Community-Based Violence Prevention and Intervention Action Plans 

The Reimagine Plan aligns with the Illinois Criminal Justice Information Authority’s (ICJIA) recently published violence prevention plan, a statewide effort structured on evidence-based strategies and practices and focused on measuring incidents of gun violence across the state and analyzing indicators that can predict acts of violence.

ICJIA’s researchers laid out five areas of focus to guide future prevention efforts:

  1. Stop the violence, promote safety;
  2. Support children, youth, and families;
  3. Advance equity;
  4. Support health; and,
  5. Promote collaboration across state, municipal, and community-based agencies.

Executive Order 2021-29

Governor Pritzker issued Executive Order 2021-29 to support IDHS in its implementation of the RPSA.

The newly formed OFVP, established by the act, will coordinate with the Illinois Department of Public Health (IDPH), ICJIA, the Illinois Department of Healthcare and Family Services (HFS), and other relevant state agencies to establish a public health approach to reducing gun violence.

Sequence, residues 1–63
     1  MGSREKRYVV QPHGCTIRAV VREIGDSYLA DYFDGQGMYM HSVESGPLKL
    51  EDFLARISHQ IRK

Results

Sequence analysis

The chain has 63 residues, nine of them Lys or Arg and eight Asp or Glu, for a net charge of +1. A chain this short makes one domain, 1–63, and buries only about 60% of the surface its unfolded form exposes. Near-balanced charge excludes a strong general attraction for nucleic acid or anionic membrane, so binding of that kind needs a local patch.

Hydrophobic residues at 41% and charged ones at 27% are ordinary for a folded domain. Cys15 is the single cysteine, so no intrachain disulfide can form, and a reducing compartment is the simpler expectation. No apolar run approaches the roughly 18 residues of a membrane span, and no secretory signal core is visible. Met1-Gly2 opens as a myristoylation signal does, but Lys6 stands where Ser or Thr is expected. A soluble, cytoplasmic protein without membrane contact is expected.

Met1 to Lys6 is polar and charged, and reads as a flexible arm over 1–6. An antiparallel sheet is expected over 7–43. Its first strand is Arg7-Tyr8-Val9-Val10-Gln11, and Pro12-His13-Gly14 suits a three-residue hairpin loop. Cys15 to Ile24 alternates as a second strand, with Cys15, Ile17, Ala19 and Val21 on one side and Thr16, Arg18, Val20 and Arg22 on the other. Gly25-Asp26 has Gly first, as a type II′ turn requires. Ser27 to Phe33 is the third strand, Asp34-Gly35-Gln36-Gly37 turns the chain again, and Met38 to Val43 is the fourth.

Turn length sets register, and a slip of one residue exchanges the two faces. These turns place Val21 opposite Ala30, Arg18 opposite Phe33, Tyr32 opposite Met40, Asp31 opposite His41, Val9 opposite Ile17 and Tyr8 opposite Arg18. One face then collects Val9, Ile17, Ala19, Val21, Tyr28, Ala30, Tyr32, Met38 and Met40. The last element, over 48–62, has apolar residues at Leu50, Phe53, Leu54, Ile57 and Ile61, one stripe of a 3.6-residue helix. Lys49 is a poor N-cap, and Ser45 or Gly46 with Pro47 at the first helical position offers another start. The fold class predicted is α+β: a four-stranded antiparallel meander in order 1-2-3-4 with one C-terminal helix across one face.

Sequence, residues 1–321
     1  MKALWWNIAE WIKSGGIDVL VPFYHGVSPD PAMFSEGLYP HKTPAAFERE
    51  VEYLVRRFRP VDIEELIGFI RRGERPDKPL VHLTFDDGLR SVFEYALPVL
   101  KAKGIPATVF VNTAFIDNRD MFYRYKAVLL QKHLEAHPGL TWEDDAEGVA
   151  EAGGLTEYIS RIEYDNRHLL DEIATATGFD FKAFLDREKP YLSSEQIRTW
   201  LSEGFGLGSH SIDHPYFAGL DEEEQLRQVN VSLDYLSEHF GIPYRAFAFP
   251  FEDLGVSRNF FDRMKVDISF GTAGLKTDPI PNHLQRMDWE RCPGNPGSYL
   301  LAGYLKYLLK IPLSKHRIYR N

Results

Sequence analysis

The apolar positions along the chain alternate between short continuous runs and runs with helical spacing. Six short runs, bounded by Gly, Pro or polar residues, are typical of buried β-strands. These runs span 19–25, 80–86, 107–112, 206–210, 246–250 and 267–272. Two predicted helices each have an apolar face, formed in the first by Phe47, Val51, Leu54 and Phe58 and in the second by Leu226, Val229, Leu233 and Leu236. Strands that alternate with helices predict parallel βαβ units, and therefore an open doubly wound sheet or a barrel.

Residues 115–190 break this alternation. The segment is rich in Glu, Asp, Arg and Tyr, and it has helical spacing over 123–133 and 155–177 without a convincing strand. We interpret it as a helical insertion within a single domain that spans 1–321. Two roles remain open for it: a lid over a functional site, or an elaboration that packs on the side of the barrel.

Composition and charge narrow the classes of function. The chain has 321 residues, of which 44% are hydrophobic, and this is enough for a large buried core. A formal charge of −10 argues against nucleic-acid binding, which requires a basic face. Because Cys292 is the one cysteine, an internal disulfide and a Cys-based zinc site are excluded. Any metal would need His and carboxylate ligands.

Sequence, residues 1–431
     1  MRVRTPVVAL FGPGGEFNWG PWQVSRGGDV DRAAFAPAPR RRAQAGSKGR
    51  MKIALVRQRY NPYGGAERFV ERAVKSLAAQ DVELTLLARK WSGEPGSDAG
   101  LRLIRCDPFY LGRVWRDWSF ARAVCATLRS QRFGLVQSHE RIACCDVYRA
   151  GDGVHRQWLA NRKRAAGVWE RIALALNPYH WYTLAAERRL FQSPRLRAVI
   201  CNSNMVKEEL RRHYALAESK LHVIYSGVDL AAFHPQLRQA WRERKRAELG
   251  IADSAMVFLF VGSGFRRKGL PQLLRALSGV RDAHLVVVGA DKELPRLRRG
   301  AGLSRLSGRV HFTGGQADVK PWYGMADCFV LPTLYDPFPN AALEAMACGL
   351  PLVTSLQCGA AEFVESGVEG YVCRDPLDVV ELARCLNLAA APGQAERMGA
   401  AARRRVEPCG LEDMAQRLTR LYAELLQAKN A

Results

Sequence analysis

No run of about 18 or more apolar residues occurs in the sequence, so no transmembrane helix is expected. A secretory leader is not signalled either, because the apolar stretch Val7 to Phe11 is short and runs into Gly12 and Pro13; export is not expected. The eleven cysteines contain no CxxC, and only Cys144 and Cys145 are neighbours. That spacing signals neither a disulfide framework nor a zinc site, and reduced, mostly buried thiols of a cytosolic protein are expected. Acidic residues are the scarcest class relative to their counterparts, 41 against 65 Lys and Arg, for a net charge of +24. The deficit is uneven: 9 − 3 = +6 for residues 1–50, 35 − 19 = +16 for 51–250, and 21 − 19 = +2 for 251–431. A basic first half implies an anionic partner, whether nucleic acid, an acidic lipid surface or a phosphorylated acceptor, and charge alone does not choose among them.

RPSA requires HFS to submit a State Plan Amendment to Illinois’ Medicaid program that could result in federal matching reimbursement for some of these services.

“There is no singular solution to ending violence in this state. We have to employ a multi-pronged approach based on equity and collaboration," said Lieutenant Governor Juliana Stratton. "As head of the Justice, Equity, and Opportunity Initiative and as a restorative justice practitioner, I'm proud that the Reimagine Public Safety Act embraces that approach. With this act, we are creating a comprehensive plan that will help us prevent violence in the first place by investing resources in historically overlooked communities and repairing the harm that perpetuates trauma that often leads to violence."

More information about the Violence Prevention Plan is available on ICJIA’s website.

Have a news tip or story idea? Email us at

Digital Content Manager

Kenzie Dillow joined the team in 2016 as an editor, moved to Producer in 2017 & took over the Digital Content Manager position in 2021. Kenzie graduated from SIUC in 2016 with a degree in Sports Broadcasting and Advertising.

Recommended for you